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The Latest on Healthy Eating
You want your kids to get the nutrients they need to grow up healthy and happy.
The best way is to feed them plenty of fruits and vegetables and a diet rich in whole foods. But what about all the processed products that are fortified with lots of added vitamins and minerals? Should parents seek them out because of all of the extra nutrients they offer? Or might there be a hidden downside? These are the questions that EWG explores in its latest report, “Too Much of A Good Thing.”
The School Nutrition Association, which has allied itself with big food companies in an effort to weaken a four-year old federal law requiring healthier school lunches, has suffered the latest in series of embarrassing defections by prominent members and former leaders.Read More
More than 200 national, state and local organizations and dozens of health professionals signed onto a letter declaring their support for an amendment proposed by Rep. Sam Farr (D-Calif.) to protect federal school nutrition standards. Farr’s proposal aims to fend off efforts to weaken those standards when Congress votes on the upcoming agriculture appropriations bill.Read More
In the ongoing campaign to get Congress to weaken federal requirements for healthier school lunches and snacks, the School Nutrition Association is trying to create the impression that it speaks for the nation’s “lunch ladies,” the hundreds of thousands of women and men who prepare and serve food to children in schools.Read More
School lunch ladies and frozen pizza and french fry companies have more in common than the food they serve: they have also been represented by the same lobbyists.Read More
Can you get too much of a good thing? When it comes to vitamin A, zinc and niacin, yes you can.Read More
What percentage of your child’s favorite cereal is sugar?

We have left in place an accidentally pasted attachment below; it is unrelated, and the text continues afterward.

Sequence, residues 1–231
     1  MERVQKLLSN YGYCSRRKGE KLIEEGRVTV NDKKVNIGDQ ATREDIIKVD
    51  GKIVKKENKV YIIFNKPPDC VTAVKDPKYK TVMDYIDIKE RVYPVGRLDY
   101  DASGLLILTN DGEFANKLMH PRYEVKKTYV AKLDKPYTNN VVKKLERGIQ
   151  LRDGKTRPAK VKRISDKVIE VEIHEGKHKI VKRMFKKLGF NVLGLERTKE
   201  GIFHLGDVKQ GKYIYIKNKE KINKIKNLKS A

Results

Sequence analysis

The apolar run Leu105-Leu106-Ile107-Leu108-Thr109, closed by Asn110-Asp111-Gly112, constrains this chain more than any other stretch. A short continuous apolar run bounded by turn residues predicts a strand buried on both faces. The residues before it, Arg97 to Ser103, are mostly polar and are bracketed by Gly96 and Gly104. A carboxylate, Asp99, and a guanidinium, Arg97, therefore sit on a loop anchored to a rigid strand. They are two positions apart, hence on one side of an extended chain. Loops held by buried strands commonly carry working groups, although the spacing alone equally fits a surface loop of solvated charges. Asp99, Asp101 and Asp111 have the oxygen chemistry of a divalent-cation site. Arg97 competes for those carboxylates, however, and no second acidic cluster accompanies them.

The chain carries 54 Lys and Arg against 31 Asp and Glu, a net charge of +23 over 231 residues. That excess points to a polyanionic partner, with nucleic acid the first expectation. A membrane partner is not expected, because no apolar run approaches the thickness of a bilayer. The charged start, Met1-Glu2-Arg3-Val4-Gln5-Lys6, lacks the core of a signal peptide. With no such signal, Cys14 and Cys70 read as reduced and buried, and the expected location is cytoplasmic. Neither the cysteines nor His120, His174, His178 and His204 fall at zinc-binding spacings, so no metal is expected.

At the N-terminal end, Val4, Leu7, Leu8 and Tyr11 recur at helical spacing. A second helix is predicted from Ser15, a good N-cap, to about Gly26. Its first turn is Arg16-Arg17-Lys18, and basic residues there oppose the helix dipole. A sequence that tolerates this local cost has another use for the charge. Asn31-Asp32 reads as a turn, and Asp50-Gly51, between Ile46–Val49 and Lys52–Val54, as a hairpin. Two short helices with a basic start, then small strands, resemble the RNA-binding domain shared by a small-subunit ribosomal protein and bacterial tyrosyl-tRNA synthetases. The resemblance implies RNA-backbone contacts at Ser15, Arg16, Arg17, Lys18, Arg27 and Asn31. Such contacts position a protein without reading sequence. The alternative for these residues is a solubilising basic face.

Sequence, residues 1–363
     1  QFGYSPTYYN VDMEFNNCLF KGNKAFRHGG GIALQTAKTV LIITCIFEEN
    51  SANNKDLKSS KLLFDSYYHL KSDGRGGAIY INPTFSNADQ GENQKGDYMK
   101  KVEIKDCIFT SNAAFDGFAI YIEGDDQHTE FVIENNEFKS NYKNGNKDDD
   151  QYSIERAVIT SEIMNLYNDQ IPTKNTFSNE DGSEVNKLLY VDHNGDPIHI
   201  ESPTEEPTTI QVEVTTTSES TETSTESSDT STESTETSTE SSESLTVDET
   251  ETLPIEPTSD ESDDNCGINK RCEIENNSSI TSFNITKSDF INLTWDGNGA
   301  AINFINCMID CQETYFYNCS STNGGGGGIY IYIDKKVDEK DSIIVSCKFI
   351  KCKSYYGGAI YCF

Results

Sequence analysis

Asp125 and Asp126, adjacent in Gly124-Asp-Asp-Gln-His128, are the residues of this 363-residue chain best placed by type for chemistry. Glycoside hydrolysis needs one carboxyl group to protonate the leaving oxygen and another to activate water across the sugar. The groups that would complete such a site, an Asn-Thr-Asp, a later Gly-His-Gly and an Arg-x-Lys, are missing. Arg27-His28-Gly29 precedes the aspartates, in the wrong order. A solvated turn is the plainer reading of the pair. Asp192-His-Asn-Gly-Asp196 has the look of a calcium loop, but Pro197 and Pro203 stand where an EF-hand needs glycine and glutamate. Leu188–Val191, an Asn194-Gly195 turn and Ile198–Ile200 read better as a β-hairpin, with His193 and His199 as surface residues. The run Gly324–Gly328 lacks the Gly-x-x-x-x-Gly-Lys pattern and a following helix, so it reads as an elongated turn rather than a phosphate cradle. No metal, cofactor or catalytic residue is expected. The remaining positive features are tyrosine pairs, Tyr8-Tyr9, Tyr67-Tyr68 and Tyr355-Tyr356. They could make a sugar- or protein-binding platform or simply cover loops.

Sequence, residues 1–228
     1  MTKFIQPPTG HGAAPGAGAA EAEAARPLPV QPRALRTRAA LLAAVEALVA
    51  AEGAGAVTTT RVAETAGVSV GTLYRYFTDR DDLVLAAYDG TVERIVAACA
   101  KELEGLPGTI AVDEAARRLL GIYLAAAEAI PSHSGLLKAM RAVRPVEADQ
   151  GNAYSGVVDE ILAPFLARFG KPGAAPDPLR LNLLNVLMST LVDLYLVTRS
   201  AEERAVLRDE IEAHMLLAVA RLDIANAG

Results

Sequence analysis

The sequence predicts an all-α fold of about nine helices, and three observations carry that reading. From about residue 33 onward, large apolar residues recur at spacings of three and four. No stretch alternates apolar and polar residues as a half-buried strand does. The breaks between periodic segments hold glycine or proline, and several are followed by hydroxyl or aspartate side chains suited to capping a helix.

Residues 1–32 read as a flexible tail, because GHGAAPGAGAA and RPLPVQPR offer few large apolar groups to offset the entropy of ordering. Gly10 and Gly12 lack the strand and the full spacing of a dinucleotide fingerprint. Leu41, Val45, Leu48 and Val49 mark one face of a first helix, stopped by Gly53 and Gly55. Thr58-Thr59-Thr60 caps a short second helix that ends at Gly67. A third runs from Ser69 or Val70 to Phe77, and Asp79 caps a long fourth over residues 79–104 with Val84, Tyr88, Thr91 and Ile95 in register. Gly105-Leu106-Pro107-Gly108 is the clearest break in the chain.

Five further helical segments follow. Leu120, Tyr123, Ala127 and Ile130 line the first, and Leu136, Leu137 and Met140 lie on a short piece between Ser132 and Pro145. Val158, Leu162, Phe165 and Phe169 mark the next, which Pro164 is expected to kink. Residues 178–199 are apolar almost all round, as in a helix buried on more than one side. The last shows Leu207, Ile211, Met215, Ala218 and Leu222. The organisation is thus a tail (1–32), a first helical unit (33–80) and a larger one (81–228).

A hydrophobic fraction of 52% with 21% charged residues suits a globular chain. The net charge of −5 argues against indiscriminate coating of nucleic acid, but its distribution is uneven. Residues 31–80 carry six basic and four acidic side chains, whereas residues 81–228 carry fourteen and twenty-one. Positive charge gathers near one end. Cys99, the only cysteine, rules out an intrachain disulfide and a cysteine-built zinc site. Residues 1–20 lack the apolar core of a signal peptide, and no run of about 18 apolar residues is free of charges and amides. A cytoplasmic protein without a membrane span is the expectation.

Try 50 percent (by weight), if your child is a fan of cereals like Kellogg’s Honey Smacks or Apple Jacks with Marshmallows. That’s what Environmental Working Group researchers found in a comprehensive analysis of 1,556 cereals, including 181 specifically targeted at children.Read More
EWG’s analysis of more than 1,500 cereals, including more than 180 children’s cereals, shows that a child who eats a bowl a day for a year ends up consuming 10 pounds of sugar.Read More
EWG charged today that the U.S. Environmental Protection Agency has failed to tell Americans – as required under federal law - tthat they have a right to know about the risks of pesticide exposure and ways they can reduce pesticides in their diets. Because the EPA has not complied in full with the Congressional mandate, for more than a decade EWG has stepped in to fill the void by publishing its (2014) Shopper’s Guide to Pesticides in Produce. EWG aims to help people eat healthy and reduce their exposure to pesticides in produce.Read More
When it comes to food and health, the agriculture system, and consumer choices, the conversation often starts around the dinner table. Laurie David, activist and producer, has written The Family Cooks, with Kirstin Uhrenholdt, her longtime collaborator, to get us talking about dishes that are simple, fast, “low in the bad stuff and high in the good stuff” – and that bring kids into the cooking process. They demystify cooking terms and break down basic prep techniques to help us make stress-free meals that foster health, togetherness and happy palates.
The long-overdue changes to the Nutrition Facts label announced today by First Lady Michelle Obama would improve Americans’ diets and promote healthier eating, Environmental Working Group said in a statement.Read More